Ramblings of a Techno-Viking

Scadden Wash BLM (Quartzsite, AZ)

The last 10 days or so I've been with Bob Wells and an frequently-changing group of people who read his blog. We talk, go for walks, and help each other with projects on our rigs. One night we went into town for pizza and Karaoke. Many of the people here have attended the RTR.

Scadden Wash is a free 14-day BLM area east of Quartzsite, Arizona. There are more trees and tall cactus than in the other BLM areas near Quartzsite that I have used. Verizon signal is good, but the only TV signal I could get was a Spanish-language one.

On my way here, my starting battery died so I wound up changing it out in a parking lot in Blythe, California.

Posted Monday 10 December 2012 04:16 UTC
Last edited Monday 10 December 2012 04:35 UTC

Kofa King Valley

Another entrace to Kofa wildlife refuge besides Castle Dome is King Road, that goes through the King Valley and leads to the King of Arizona mine the refuge is named after. This is dirt all the way from US 95, and goes through BLM land. There are multiple places where an RV can park near the road, many of which were occupied. I chose one where hills were fairly close in all directions and only a couple of other campers were in sight. Verizon signal was week, and only spanish-language TV stations came in.

The view was a bit nicer than where I had parked near Castle Dome, but due to the lack of TV I moved on to Castle Dome after a day. At Castle Dome I parked a short ways down the road to Big Eye Mine. Walking it I found a better spot before the road was too bad for my motorhome, but it did not seem worth the bother to move. I also found some old mine shafts. It rained and I was not washed away, and a road grader smothed the main road within a day.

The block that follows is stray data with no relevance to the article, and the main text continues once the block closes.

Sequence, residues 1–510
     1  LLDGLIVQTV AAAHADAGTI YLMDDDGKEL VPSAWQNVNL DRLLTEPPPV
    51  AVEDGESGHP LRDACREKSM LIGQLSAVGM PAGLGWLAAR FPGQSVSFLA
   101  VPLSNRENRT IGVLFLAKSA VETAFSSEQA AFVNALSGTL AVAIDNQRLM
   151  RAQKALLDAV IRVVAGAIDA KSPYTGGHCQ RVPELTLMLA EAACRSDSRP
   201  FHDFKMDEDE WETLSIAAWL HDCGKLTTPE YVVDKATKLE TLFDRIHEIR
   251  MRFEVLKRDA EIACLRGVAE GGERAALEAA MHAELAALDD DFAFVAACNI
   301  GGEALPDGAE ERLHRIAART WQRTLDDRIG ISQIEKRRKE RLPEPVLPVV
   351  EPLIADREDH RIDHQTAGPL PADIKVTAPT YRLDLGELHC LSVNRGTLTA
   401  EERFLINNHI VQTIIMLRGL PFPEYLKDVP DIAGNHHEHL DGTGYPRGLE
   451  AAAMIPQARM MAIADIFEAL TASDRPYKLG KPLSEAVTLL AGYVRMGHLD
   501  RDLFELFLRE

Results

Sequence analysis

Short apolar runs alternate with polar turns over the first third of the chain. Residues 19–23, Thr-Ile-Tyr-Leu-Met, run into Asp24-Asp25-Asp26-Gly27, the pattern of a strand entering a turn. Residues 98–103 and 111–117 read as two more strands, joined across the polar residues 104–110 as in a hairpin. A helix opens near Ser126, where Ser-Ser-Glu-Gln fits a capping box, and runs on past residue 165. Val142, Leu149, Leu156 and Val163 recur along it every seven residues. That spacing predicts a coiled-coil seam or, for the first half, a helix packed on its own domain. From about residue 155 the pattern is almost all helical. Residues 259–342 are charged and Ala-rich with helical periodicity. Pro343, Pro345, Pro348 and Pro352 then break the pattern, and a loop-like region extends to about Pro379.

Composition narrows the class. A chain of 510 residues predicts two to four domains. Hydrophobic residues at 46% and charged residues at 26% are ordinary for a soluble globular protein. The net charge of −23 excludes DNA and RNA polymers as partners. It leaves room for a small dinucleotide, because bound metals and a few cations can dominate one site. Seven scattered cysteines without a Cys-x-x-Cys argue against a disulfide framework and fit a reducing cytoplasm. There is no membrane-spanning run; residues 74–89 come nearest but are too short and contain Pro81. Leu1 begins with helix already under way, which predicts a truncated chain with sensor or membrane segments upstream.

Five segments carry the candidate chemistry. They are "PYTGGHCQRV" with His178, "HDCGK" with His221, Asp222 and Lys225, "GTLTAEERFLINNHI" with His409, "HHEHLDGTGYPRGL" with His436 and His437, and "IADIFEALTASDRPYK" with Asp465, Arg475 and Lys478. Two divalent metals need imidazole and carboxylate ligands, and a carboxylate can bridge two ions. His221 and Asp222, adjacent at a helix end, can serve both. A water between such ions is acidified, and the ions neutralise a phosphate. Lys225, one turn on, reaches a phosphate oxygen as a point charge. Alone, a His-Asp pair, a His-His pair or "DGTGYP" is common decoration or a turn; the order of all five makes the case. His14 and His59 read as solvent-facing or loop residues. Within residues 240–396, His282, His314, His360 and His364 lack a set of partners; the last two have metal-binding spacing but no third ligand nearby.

Posted Sunday 16 December 2012 04:31 UTC
Last edited Sunday 16 December 2012 04:31 UTC

Finding Mines in the Desert

There are many abandoned gold and silver mines in the desert southwest. Most "played out" where there was no longer any ore worth processing, but some were closed when the price of gold or silver dropped. Roads and trails generally go somewhere, in mining areas the remains of such roads often go to mines. Sections can look in quite good shape, and other parts will have plants growing in them or be completely washed out.

Tumco, California is an example of a gold mining area. You can wander the hills and find mine shafts, tunnels, and collapsed mine shafts. Some have fences, most of which are in poor shape.

Castle Dome, Arizona was a silver mining area. Kofa NWR does not allow new mining claims, but some of the ones that existed when it was created have been maintained. Roads marked "No Vehicles" lead to many of the mine shafts that have been abandoned.

Palmetto, Nevada is another silver mining area. I did not explore the area around it much, but the land is BLM land open to exploration and possibly filing mining claims.

Tonopah, Nevada managed to survive past the silver mines closing, and is now a town at a highway crossroads. The mining park in Tonopah is well worth a visit if you are interested in mining history.

Posted Monday 24 December 2012 23:34 UTC
Last edited Monday 24 December 2012 23:34 UTC

Pilot Knob 14-day

At the Sidewinder Road exit off of Interstate 8, to the north is The Museum of History in Granite, and to the south is a Shell gas station and the Pilot Knob LTVA. (The Shell station has a Dump Station and cheap propane.) If you go west on the frontage road on the south side of the freeway to where the pavement ends there is a BLM 14-day area.

This is flat, and the plant life is mainly creosote bushes with occasional ironwood trees. Verizon signal was excellent, as was the TV reception. Freeway and train tracks are visible, as is the Chapel at the museum, the rocks the LTVA was named after, and some sand dunes. I camped near some power lines and a falling-down house that was for sale, with a couple of motorhomes in the yard. (It did not appear to be occupied.) This does not appear to be a popular area, but there were several RVs camping closer to the freeway. While the location is convenient, this place just doesn't have much appeal to me. I did take a walk as far as the start of the dunes, maybe a half-mile from where I camped. If I go back I may park closer to the dunes.

Posted Saturday 29 December 2012 04:17 UTC
Last edited Saturday 29 December 2012 04:51 UTC